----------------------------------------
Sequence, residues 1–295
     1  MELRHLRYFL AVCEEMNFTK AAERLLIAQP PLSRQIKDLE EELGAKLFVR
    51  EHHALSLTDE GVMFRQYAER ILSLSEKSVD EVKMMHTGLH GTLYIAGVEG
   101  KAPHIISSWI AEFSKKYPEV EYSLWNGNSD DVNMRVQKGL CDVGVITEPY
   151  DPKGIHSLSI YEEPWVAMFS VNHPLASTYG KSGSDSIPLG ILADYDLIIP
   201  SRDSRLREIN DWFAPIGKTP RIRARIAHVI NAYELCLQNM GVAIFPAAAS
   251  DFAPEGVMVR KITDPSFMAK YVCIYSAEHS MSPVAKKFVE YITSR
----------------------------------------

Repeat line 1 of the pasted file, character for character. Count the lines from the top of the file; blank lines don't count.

Sequence, residues 1–295